Winner of the Pulitzer Prize

HBO | The Sympathizer Official Podcast | Episode 4

Host Philip Nguyen is talking costumes and production design with costume designer Danny Glicker and co-showrunner Don McKellar. Where did he get those suits for the Congressman? How does he think about authenticity when it comes to period pieces? It’s a rich conversation, with lots of BTS details, about creating characters and telling stories through costume design. Then we are joined by author Viet Thanh Nguyen to talk about the depiction of the Vietnam War in literature, art and Hollywood for HBO

Read Below for Transcript

[00:00:00] Cold Open (0:15) 

Audio clip from episode – “ARE YOU A SYMPATHIZER?” <<Theme mux>> 

Phil: Welcome to HBO’s The Sympathizer podcast. Where we are debriefing and decoding the new HBO Original Limited series, the Sympathizer, which is based on the Pulitzer Prize winning novel of the same name. 

I’m Philip Nguyen, a scholar of Vietnamese American culture, and on this podcast I’ll be joined by the sympathizers creators, the cast and crew, and of course author Viet Tengu. After every episode, we’ll get deeper into the characters, their motives, and how this espionage thriller slash cross cultural satire complicates what we know about the Vietnam War, a.rk. a. the American War in Vietnam, and its depiction in U. S. pop culture today. Looking at you, Hollywood. 

<<Music Transition>> 

But before we get started, there will be spoilers. [00:01:00] So go and watch episode four exclusively on max before joining us to listen in. 

So, let’s dive right in. It’s the war episode. Well, sort of, you know, because all of the episodes are kind of about war. Today, we’ll be diving into episode four. Give us some good lines. First, showrunner Don McKellar is back with costume designer Danny Glicker. This time, we’ll explore the art of finding clothing and costumes that are true to history and tell the story. 

And then, the Sympathizer author Viet Thanh Nguyen is back. We’ll chat with him about the depiction of the Vietnam War and other wars in art, literature, and particularly in Hollywood movies. 

<<Mux Transition – [00:02:00] recap >> 

Right, y’all. We are out of LA in this episode and taking a quick trip to the Napa Valley. And as always, before we talk with some of the cast and creators about the episode, here’s a recap and a bit of historical context for episode 4 that takes us behind the scenes. See what I did there? You know, behind the scenes, since it’s about mo Okay, anyway, moving on.

The episode opens with the captain staring at a menacing reptile in a waiting room, while the auteur spies on him from a peephole. When the door finally opens, , the captain is escorted into the auteur’s writing room, where he’s typing away at his epic Vietnam War movie.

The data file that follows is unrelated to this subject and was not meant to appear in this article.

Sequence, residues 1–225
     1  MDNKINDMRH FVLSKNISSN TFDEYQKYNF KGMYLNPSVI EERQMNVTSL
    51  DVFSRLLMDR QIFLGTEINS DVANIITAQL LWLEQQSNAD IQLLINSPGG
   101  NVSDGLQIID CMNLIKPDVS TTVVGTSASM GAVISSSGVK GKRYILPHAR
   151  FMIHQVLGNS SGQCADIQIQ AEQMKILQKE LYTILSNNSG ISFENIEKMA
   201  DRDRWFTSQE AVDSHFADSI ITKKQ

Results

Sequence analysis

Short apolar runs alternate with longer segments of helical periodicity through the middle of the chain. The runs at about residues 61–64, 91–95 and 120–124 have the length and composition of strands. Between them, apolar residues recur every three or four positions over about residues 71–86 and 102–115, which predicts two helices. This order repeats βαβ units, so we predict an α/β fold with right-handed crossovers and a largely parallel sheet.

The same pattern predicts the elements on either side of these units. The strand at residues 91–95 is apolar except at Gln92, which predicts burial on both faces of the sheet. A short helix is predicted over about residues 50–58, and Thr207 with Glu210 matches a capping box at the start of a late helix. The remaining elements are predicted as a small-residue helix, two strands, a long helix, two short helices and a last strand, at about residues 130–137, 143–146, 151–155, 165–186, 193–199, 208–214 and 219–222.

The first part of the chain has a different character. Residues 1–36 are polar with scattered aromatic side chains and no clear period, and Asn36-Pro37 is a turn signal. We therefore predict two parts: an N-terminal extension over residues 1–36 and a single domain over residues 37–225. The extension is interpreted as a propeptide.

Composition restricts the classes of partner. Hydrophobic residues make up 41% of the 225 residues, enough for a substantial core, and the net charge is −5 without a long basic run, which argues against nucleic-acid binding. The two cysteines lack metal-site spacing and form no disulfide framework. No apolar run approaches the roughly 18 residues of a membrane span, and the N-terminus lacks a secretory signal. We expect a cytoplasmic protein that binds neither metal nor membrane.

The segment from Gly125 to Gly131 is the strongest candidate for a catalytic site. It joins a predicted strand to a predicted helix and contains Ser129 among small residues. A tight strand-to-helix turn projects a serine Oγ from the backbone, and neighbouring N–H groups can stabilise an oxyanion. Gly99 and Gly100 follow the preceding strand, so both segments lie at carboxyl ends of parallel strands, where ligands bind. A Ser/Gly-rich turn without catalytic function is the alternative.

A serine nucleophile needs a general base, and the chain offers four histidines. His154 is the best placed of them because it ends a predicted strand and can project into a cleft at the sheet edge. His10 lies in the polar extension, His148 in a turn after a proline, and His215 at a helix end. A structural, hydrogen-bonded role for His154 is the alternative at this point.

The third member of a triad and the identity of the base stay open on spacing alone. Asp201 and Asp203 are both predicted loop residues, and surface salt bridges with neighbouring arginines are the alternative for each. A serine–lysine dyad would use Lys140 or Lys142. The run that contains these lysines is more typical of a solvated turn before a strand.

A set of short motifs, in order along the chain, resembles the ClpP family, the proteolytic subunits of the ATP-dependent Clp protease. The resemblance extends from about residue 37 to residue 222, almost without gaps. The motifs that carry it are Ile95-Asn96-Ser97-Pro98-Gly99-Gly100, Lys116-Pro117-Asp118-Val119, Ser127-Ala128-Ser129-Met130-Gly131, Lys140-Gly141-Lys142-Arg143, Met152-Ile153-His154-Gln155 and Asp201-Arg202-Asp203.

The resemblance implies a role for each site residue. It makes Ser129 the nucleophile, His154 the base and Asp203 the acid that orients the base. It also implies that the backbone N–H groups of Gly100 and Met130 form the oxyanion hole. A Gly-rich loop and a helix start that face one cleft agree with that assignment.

He tells the captain to speak freely. But it soon becomes clear that he’s not exactly asking for the captain’s opinion. 

<<Clip of scene – “As an Asian?” awkward speaking exchange about gent <<1:00 IN: (parrot) Don’t fuck up the movie … 

2:31 OUT they want you to spy on me>> 

in American pop culture and media. Asian Americans have historically been subject to stereotypical portrayals. As a socially awkward and nerdy model minority, the hyper masculine kung fu master, the [00:04:00] reliably silent sidekick, and for women, either as the hyper sexualized cunning dragon lady or submissive and innocent lotus blossom. 

Now, two things are clear. One, the auteur is looking for his quote unquote authenticity for his war film. And two, he’s only interested in his perceived version of authenticity, despite having just hired the captain to be his Vietnamese consultant. 

The captain leaves the auteur’s place, and we see him imagining a conversation with Mung in Vietnam. 

<<music … clips of Man saying … “go be the voice of our people. Give us some good lines.” >> 

<<6:05 IN: You know, confess you fucker … 

7:07 OUT: Of course>> 

So, the captain makes his way to the set of The Hamlet, in the Napa Valley. And as he drives there, he discovers that he has a stowaway in his trunk, Lana, and he’s forced to let her stay. 

<<clip of The Captain talking about how Jamie Yoon is the Asian in every film >>

<<11:09 IN Can I trust you to behave? 

12:20 OUT impending sense of doom>> 

Kickoff party for the Hamlet, we meet the cast Captain Seamus, an intense method actor, Jamie Johnson, the hot black pop singer playing Sergeant Bellamy and James Yoon, a Korean American actor playing for once a Korean American character. 

<<This clip could potentially be trimmed. Clip of James Yoon being like … i’ve play so many [00:07:00] different roles but this is the first korean role>> 

<<17:00 IN Keep similin … 

18:14 OUT the production designer >> 

Ironically, when filming gets started, the captain discovers that the extras playing the Vietnamese villagers don’t actually speak Vietnamese. 

<<Clip – can you put on an accent – could be trimmed if needed>> <<23:16 IN identify, identify… 

25:17 OUT I speak vietnamese>>